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The male hunter stalks his prey.

 

  1. Health of Vegans vs. Meat Eaters

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Modern research is consistently pointing to vegans having the greatest health outcomes including the longest life spans, protection against cancer and most importantly, protection against all of the cardiovascular damage meat causes. This means not only reduced incidence of the biggest killer of men- heart disease, but also reduced incidence of blood-flow related ailments such as Alzheimer’s.  A general study comparing vegan, vegetarian, pesco-vegetarian and omnivorous diets found that vegans had the healthiest body weights and highest scores for nutritional uptake (2). In a 96,000 participant cohort study comparing vegetarians and non-vegetarians, vegetarians had a 55% lower risk of developing hypertension, 30% lower risk of developing type 2 diabetes, were ½ as likely to develop metabolic syndrome, were 23% less likely to get GI cancer and 35% less likely to get prostate cancer (3). A famous study done on 73,000 members of a religious group who don’t eat meat called the 7th Day Adventists, found that a vegetarian diet reduces the risk of dying from all causes and that the effect is more robust in males (4). Another study on that same group found an increased lifespan of 7 years for males and 4 for females (7).  A European study found vegetarians to have a reduced incidence of cancer. (6) Finally, the current position of the American Dietetics Association is as follows:

 

It is the position of the American Dietetic Association that appropriately planned vegetarian diets, including total vegetarian or vegan diets, are healthful, nutritionally adequate, and may provide health benefits in the prevention and treatment of certain diseases. Well-planned vegetarian diets are appropriate for individuals during all stages of the life cycle, including pregnancy, lactation, infancy, childhood, and adolescence, and for athletes (5).

 

Vegans aren’t just healthier because they focus on eating more fruits and veggies, it’s also because of what they don’t eat, specifically saturated fat and cholesterol. Cholesterol can be produced by our body and is indeed essential for the construction of cells and steroid hormones. A multitude of studies are showing that cholesterol and saturated fat in our diet however promote diabetes, heart disease and cancer (8), (9), (10), (13), (14). Despite the recent shortening of our intestine, it is still long like that of a herbivore, meaning rotting meat produces compounds in our gut that cause colorectal cancer (11).  Despite often being labeled omnivores, humans actually demonstrate traits much more similar to herbivores including our intestinal length, teeth (molars not claws), hands and the way we release heat (sweating not panting) (12). Meat seems to be a relatively new introduction to our diet that was good for keeping us alive, but is not ideal for long term, optimal health. When you feed carnivores meat, they don’t get atherosclerosis (heart disease). Only herbivores get heart disease from eating meat.  This fact is what leads heart surgeon Dr. William C Roberts to assert that we are indeed herbivores and that the only way to reverse heart disease in humans is to adopt a vegan diet. In fact, another heart surgeon, Dr Caldwell Esselstyn, confirmed this theory on heart disease reversal in his patients and now devotes his career to promoting the prevention of heart disease through diet. Even amongst professionals, opinions are all over the place with diet and this discussion requires far more than an article. You need to do your own research and I’ve provided some papers that can give you a nice start. You may also want to look into how bad eggs and milk are for you- (15), (16), (17). But don’t forget, the longest living people follow a plant-based diet.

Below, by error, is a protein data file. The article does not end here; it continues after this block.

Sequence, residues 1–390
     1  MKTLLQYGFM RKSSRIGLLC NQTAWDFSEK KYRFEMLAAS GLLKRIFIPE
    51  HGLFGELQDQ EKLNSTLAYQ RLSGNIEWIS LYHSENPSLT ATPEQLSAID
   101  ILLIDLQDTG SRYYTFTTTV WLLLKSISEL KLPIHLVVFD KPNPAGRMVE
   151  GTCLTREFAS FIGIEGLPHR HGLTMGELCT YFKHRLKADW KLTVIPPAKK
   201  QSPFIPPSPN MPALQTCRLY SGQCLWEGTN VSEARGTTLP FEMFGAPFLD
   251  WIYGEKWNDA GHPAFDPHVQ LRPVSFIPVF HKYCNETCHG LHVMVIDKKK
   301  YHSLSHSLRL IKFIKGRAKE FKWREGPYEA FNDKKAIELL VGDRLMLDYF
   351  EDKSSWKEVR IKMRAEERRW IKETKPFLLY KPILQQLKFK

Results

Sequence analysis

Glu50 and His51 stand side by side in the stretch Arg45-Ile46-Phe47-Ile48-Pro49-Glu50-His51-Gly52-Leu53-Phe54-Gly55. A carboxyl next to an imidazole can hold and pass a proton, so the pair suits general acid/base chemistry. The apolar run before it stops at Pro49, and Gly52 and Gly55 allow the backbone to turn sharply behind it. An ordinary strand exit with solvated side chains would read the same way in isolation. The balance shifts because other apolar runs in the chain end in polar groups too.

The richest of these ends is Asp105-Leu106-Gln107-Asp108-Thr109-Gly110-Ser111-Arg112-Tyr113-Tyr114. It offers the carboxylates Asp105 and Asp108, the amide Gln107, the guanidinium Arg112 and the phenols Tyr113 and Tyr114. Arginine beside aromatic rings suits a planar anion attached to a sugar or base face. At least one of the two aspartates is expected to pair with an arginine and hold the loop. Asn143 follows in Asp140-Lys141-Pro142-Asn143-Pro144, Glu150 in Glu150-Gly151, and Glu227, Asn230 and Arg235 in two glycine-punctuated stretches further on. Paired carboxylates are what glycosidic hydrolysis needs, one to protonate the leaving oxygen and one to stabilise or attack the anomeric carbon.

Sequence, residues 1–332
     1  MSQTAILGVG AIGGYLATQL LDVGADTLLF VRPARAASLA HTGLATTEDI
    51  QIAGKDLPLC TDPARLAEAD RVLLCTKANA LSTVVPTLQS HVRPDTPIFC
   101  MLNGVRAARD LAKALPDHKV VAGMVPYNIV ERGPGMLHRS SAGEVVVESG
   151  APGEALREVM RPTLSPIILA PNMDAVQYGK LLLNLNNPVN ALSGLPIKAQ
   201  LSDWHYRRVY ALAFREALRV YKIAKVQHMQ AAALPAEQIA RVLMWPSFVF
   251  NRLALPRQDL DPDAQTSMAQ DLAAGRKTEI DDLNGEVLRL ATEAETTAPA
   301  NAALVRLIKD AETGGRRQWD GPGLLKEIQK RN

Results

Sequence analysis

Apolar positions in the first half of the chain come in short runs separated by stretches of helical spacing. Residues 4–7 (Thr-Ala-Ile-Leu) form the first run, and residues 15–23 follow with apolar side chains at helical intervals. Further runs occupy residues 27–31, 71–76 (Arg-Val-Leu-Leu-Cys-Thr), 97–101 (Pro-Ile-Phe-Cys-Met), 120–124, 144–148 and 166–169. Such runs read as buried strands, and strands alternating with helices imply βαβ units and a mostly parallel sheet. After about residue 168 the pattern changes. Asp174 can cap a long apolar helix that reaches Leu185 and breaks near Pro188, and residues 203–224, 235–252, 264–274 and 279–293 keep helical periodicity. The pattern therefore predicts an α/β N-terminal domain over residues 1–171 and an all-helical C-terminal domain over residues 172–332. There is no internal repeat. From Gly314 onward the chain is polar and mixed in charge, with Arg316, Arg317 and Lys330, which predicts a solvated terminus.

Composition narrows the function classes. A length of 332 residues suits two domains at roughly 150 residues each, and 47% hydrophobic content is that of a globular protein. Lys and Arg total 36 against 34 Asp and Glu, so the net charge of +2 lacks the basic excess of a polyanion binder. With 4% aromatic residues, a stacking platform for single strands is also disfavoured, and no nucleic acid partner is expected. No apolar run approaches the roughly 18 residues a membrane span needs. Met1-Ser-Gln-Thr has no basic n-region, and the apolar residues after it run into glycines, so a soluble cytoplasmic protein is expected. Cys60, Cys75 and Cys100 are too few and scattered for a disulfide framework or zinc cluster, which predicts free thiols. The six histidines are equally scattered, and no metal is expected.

1. No, You Won’t Get Deficiencies

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If you stop eating meat now and then start munching on whatever you find in your pantry, chances are you won’t be eating very healthy.  You can’t just replace meat with processed junk food- of course this would lead to nutrient deficiencies. A piece of chicken is still “healthier” than a bag of chips. Let’s discuss the main deficiencies potential vegans fear:

 

Vitamin B12- This is a vitamin produced exclusively from bacteria and if it wasn’t for how sterilized fruits and veggies are by the time they get to us, this wouldn’t be a problem. When you eat meat, you eat the bacteria in their gut, which provides the b12. Vegans can get this from sea algae like chlorella, but they mostly get it from fortified foods like cereals, soy milk or nutritional yeast. This is really the only nutrient that you won’t be able to get from day to day eating and it’s only because we eat get our food shipped to us instead of picking it from nature.

 

Calcium- The main source of calcium for vegans is dark leafy greens, which everyone should be eating daily. Some vegans don’t eat enough and therefore are low in calcium but this is from inadequate food choice, not from dietary insufficiency.